The statistics on burglaries can throw up some interesting facts, including this little nugget on whether the perpetrator was known to the victim. In 51% of burglaries the thief was a stranger, but in 49% the victim was an acquaintance of, or well known to the perpetrator. In fact, 31% of burglaries are committed by someone the victim knew well.
This is a surprising fact, and one which may make people wary of their friends and co-workers. While the vast majority of us won’t be associating with known criminals, there are casual acquaintances and co-workers with whom we might discuss our weekend plans, or mention that we hope our package is left in the porch while there’s no one home to sign for it. We’re not thinking that this information is anything other than small talk, but what it does communicate is exactly when our homes are empty. We might also be drawn into conversations by people fishing for information about our security arrangements and unwittingly let slip that we don’t have an alarm, or we don’t set it, or that our children are prone to leaving the house unlocked.
Other common topics of conversation can easily reveal a new purchase of a desirable electronic item, jewellery or designer clothes, or whether we’ve got cash stashed away at home for Christmas or a holiday. When you add all these snippets of information together a very detailed picture emerges, with all the information a thief needs to target your home when they know they won’t be caught, and to know exactly what they’re after, and even where it is kept.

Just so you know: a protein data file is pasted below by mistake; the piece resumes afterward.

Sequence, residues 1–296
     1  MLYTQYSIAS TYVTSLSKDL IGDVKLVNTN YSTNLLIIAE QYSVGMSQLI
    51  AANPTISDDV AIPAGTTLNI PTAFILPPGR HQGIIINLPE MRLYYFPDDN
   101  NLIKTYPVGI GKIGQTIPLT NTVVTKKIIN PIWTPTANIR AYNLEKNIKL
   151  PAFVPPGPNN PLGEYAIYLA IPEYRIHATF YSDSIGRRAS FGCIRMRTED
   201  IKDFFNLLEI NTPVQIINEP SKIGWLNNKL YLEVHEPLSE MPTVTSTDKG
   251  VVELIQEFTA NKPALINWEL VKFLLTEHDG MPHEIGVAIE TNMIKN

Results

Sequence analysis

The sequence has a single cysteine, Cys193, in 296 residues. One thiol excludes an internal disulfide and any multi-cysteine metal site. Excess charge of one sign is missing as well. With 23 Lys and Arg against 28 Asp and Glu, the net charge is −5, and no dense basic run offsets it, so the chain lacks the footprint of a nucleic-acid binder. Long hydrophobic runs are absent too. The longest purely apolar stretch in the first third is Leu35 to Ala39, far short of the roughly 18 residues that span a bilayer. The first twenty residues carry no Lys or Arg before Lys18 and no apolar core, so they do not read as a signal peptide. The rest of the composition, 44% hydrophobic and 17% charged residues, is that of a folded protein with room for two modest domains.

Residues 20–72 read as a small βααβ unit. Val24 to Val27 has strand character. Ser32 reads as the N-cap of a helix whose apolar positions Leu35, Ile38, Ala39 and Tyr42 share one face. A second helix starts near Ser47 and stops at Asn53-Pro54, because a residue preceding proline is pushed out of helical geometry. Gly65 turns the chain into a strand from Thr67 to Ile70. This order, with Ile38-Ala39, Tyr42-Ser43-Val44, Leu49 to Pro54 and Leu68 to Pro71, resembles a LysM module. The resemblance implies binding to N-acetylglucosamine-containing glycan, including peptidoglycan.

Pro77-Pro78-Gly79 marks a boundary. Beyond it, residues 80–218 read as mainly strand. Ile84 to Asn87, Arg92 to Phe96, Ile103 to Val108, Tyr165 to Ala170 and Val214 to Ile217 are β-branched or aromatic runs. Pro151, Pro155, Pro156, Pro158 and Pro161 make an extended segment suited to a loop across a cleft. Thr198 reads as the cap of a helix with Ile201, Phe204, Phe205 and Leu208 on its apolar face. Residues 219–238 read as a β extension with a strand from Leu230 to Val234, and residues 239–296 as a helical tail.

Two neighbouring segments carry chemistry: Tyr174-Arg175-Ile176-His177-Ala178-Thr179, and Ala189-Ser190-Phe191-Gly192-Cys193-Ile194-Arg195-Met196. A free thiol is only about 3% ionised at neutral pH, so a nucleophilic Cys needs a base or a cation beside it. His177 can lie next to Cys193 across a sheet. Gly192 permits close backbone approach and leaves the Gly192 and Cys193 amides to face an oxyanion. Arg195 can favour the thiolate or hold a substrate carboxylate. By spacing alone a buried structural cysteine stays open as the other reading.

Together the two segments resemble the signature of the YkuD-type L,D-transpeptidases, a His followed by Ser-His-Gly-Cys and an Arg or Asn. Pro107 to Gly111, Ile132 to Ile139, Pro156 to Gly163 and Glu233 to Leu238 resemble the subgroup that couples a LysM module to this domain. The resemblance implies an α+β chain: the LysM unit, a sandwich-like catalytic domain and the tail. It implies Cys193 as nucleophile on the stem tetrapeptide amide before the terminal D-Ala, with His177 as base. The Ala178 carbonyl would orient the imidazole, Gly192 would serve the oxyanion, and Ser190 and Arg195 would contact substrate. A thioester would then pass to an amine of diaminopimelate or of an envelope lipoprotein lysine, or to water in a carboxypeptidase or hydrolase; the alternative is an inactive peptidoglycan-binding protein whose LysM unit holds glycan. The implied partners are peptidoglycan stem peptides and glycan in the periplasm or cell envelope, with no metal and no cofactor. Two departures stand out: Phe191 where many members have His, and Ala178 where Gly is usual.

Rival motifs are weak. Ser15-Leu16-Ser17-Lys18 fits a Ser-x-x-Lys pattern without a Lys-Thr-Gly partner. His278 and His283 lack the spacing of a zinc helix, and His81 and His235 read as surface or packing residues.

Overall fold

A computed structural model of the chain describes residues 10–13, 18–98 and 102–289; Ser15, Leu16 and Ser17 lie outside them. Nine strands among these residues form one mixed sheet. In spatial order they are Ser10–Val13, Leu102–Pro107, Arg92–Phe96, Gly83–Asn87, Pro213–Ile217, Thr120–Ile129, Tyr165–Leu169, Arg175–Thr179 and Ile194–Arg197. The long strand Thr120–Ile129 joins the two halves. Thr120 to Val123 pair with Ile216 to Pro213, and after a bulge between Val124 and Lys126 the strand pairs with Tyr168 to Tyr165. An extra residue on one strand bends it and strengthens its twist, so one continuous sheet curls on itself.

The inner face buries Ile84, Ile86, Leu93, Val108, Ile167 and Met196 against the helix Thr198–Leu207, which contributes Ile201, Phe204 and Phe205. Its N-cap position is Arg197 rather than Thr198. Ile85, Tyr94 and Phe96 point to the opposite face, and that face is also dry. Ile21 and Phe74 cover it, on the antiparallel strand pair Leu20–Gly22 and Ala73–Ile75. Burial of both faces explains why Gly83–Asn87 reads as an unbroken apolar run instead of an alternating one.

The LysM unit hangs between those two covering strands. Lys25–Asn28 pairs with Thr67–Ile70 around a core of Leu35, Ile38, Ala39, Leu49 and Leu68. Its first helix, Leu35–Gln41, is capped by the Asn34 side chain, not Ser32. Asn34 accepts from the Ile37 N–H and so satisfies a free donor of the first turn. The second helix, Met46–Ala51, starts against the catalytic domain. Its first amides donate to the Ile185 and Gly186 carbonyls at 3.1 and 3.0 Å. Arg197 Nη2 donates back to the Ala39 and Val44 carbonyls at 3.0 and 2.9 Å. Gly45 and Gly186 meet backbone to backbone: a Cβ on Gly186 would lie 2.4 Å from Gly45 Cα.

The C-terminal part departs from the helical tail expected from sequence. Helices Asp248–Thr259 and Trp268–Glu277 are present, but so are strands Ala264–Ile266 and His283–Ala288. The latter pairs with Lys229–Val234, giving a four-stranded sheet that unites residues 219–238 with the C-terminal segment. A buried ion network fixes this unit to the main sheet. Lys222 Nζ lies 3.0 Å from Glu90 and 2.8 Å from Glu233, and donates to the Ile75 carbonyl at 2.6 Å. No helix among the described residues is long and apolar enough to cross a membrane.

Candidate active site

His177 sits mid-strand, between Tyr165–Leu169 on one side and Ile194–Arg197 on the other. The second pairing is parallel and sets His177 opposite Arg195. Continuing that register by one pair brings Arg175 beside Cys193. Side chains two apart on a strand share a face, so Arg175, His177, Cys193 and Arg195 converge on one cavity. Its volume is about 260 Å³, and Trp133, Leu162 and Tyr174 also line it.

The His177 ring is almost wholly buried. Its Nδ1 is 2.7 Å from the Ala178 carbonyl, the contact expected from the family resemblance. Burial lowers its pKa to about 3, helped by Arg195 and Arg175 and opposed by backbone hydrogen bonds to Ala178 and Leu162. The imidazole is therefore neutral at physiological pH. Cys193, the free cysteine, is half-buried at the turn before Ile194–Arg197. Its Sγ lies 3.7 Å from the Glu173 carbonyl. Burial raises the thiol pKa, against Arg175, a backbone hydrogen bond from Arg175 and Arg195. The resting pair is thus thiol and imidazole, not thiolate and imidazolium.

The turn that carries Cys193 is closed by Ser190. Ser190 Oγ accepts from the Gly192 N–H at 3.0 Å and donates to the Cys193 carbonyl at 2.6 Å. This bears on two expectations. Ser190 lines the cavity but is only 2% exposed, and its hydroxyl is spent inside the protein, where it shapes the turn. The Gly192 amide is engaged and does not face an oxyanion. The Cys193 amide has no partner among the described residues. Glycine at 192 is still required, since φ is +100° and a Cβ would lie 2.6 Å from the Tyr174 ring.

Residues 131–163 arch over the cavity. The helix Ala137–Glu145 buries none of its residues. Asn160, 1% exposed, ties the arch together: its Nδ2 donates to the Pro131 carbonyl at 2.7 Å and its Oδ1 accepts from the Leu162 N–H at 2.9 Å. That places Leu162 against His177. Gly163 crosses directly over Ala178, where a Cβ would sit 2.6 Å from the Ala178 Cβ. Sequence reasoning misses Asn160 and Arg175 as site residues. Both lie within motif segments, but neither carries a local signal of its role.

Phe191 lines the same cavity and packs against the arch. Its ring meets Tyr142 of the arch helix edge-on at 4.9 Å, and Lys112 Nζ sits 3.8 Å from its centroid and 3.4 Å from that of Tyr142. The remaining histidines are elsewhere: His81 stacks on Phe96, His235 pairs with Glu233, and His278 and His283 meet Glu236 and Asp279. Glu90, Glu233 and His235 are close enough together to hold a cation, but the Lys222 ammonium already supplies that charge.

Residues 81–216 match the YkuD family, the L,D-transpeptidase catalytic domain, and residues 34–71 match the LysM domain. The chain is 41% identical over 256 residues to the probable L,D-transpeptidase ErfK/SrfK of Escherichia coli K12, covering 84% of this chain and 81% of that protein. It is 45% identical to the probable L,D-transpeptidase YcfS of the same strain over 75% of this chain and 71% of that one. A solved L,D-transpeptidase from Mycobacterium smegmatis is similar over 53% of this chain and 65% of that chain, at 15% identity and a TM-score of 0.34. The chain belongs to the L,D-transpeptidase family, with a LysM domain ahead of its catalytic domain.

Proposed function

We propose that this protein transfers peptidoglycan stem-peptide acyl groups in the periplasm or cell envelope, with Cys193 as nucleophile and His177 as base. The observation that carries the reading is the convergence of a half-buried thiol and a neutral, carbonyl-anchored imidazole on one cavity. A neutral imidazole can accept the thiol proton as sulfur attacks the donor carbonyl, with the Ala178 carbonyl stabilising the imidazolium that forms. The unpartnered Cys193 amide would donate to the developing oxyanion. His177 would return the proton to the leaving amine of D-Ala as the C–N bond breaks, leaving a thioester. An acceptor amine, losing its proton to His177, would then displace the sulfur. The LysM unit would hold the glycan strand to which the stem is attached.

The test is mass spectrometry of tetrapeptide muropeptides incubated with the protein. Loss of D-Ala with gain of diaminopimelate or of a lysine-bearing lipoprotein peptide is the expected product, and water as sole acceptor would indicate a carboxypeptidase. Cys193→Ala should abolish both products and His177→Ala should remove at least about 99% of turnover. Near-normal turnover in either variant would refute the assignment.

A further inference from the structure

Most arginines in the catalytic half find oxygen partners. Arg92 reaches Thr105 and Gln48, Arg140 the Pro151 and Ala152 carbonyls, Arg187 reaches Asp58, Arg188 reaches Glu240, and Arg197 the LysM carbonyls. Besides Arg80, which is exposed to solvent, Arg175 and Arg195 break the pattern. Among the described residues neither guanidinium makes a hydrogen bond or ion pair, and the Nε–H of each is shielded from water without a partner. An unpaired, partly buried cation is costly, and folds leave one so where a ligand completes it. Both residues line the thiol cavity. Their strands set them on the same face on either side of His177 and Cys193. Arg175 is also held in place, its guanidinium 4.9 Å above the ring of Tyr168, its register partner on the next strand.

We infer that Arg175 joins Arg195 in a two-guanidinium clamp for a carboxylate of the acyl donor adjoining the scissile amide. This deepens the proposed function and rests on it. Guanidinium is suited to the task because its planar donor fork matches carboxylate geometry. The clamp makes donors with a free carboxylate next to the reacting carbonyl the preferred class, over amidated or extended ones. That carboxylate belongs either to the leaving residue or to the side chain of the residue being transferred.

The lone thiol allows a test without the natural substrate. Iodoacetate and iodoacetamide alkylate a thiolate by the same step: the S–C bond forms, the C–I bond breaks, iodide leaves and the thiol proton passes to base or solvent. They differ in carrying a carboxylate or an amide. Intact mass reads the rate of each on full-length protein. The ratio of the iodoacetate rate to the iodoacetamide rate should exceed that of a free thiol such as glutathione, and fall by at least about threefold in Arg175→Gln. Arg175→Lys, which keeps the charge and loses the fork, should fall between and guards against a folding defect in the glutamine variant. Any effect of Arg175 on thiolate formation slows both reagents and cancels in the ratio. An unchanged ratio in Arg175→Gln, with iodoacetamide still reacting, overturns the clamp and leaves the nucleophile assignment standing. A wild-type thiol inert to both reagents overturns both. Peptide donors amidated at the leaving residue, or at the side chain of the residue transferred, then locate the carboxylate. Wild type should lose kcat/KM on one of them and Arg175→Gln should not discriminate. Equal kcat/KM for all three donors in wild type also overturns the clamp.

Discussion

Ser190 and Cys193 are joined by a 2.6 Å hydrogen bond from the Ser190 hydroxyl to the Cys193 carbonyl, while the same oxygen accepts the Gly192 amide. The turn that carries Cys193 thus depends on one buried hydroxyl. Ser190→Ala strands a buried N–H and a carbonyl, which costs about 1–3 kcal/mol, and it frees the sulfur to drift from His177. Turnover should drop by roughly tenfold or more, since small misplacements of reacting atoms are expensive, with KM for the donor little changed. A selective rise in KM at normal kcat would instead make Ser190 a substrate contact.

It’s unlikely that our oldest friends have been playing the long game for years, gaining our trust and forming a meaningful relationship just to steal our new TV, but newer friends and co-workers may well be untrustworthy. Until you really trust someone don’t discuss anything that reveals when you’re away from home or any information about your home security and most valuable possessions.
It’s a horrible thought that someone we might have invited round for a cuppa, could go on to violate that trust and steal from us but it does happen. For this reason it’s wise to not leave any financial documents in sight or where they might reasonably be found, and to keep your keys and wallet safely stored somewhere they can’t be taken without you knowing. Some determined thieves will try to gain your trust so they can get invited into your house and check it over for suitability. We’re not saying you should distrust everyone, but it’s better to play it safe than to be over-trusting and end up regretting it.
People we know casually as neighbours, or from the local pub, may also not be entirely trustworthy. Be careful not to say anything in public that reveals too much about your movements and purchases, and if you’re going on holiday make sure you’re not visibly packing the car and talking loudly about how you can’t wait to get away for two weeks. Ask a trusted neighbour to open and close your curtains daily and to remove post from view, and use timers for your lights (or settings on a smart home system) that mirror your normal lighting patterns. A burglar may check you’re actually away before attempting a break in and while leaving a light on is good advice, if that’s the only light that is on and no others go on upstairs at bed time it’s a clear signal that you’re not actually in.
Your friends and family are surely not hardened criminals, nor are your nearest and dearest a big threat, but there are people you will quite happily chat with, who might use the information you give them to commit a burglary that could have been avoided with a little discretion. If in doubt about the intentions of these casual acquaintances then keep your cards close to your chest.